Stem Cell Therapy for COPD
Stem cell therapy may reduce lung inflammation in COPD (chronic obstructive pulmonary disease) as well as Cystic Fibrosis. Lung damage caused by chronic inflammation in these conditions leads to reduced lung function and eventually respiratory failure.
This new research of Mesenchymal Stem Cell (MSC) Therapy compared a treatment group and a control group 8 weeks after intravenous delivery of stem cells into mice.
The results showed that inflammation was significantly reduced in the group receiving MSC therapy but not the control group, which did not receive the stem cell treatment . Cells counts for both the monocytic cells and the neutrophils, both signs of inflammation, were significantly reduced after MSC therapy. Their analysis of lung tissue showed a reduction in accepted measurements of lung deterioration in the MSC treated mice. Along with reducing inflammation in the lung, the stem cell therapy therapy also resulted in significant improvements in the lung structure. This indicate that Stem Cell Therapy has the potential to repair the damaged lungs of COPD patients.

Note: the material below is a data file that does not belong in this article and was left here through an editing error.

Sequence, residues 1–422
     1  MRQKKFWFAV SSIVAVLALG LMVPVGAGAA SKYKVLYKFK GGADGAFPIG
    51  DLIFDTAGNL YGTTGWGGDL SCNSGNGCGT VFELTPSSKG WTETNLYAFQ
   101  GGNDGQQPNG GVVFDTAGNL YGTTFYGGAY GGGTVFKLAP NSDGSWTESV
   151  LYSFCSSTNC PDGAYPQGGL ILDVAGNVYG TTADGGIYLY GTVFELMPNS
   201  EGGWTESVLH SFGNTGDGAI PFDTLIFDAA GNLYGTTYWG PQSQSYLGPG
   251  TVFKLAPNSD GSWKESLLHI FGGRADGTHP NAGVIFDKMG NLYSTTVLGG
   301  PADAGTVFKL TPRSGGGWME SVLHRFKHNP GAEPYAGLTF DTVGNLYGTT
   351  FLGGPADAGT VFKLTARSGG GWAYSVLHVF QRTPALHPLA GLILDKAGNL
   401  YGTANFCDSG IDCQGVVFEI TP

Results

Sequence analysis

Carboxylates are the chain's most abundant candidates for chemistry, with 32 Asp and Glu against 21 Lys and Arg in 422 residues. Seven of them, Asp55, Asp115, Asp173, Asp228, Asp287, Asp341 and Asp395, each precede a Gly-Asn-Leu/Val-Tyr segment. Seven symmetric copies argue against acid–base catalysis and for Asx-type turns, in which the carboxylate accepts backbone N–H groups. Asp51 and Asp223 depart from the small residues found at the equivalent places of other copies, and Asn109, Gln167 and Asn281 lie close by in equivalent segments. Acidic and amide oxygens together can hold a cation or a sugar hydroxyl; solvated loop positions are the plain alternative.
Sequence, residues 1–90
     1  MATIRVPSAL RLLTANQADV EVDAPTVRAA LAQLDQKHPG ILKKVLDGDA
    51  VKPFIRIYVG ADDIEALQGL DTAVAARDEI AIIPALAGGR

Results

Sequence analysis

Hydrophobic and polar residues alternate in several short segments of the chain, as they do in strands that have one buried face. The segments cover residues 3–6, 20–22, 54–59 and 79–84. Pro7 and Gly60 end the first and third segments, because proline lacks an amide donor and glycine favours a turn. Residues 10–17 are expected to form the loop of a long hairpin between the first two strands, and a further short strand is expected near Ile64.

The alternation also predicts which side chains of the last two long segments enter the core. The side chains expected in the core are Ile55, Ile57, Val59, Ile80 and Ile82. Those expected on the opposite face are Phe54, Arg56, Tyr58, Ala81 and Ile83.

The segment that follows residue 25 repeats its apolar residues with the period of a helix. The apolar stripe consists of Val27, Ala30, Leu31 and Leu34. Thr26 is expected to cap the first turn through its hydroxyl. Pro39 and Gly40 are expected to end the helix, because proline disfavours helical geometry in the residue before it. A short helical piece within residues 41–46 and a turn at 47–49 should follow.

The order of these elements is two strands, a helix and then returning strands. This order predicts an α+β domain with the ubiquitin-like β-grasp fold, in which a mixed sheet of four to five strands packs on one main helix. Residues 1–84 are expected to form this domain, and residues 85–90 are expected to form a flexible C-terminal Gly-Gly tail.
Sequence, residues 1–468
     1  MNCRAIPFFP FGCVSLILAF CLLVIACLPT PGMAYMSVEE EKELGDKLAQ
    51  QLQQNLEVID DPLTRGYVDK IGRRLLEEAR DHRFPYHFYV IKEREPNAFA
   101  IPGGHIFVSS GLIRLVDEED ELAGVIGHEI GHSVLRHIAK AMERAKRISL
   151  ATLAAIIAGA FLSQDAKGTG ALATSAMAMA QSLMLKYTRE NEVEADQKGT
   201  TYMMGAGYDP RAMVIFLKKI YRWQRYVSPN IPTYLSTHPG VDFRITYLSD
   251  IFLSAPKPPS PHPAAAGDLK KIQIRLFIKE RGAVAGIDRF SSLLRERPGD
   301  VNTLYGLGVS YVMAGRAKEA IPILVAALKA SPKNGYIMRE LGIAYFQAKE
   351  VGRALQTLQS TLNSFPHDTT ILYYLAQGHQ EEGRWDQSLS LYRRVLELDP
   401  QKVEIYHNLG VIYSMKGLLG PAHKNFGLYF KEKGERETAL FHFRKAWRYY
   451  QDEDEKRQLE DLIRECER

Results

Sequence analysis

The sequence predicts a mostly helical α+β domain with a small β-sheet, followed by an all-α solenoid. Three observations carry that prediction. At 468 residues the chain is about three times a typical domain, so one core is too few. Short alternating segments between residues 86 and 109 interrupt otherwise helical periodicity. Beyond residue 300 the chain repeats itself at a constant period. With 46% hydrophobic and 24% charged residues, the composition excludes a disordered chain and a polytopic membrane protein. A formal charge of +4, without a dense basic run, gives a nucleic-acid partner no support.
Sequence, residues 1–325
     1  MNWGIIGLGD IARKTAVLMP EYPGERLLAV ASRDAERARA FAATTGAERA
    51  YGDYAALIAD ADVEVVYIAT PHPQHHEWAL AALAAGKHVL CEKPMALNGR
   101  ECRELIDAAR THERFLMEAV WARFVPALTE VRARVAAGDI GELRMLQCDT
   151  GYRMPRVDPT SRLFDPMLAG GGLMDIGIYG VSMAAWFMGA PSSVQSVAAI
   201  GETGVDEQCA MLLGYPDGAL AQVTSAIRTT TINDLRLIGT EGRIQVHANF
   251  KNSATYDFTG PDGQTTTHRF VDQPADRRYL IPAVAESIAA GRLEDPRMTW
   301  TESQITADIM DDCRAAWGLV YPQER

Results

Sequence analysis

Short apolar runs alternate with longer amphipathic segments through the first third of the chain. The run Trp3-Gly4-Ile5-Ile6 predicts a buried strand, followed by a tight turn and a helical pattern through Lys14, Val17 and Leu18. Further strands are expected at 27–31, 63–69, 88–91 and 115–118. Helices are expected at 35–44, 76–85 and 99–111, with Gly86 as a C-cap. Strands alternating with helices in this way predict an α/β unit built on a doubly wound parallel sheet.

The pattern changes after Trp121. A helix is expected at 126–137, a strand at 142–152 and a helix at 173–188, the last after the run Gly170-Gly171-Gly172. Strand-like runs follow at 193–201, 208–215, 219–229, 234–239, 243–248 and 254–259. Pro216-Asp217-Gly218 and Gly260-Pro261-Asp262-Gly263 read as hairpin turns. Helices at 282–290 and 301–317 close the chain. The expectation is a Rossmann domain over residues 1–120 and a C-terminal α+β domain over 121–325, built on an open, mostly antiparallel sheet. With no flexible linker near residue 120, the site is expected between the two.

Researcher Declan Doherty, from Queens University Belfast, UK, commented: “These preliminary findings demonstrate the potential effectiveness of MSC treatment as a means of repairing the damage caused by chronic lung diseases such as COPD. The ability to counteract inflammation in the lungs by utilising the combined anti-inflammatory and repairative properties of MSCs could potentially reduce the inflammatory response in individuals with chronic lung disease whilst also restoring lung function in these patients. ”
Another comment by Professor Rachel Chambers, ERS Conferences and Research Seminars Director, “This paper offers novel results in a pre-clinical model which demonstrates the potential of MSC stem cell therapy for the treatment of long-term lung conditions with exciting potential implications for the future treatment of patients with COPD and cystic fibrosis… this paper is one of many cutting-edge abstracts from the Lung Science Conference, which aims to provide an international platform to highlight novel experimental lung research with therapeutic potential… for the millions of patients suffering from devastating and often fatal respiratory conditions.”
It is important to note that this study evaluated the delivery of the stem cells intravenously but did not utilize a well known method of delivery of the stem cells to the lungs via a nebulized respiratory therapy which is also being used for patients when they are also given an intravenous treatment. Logic dictates that this combination should be even more effective than just the intravenous treatment alone. Further studies are needed to evaluate this combination of the delivery of the stem cells .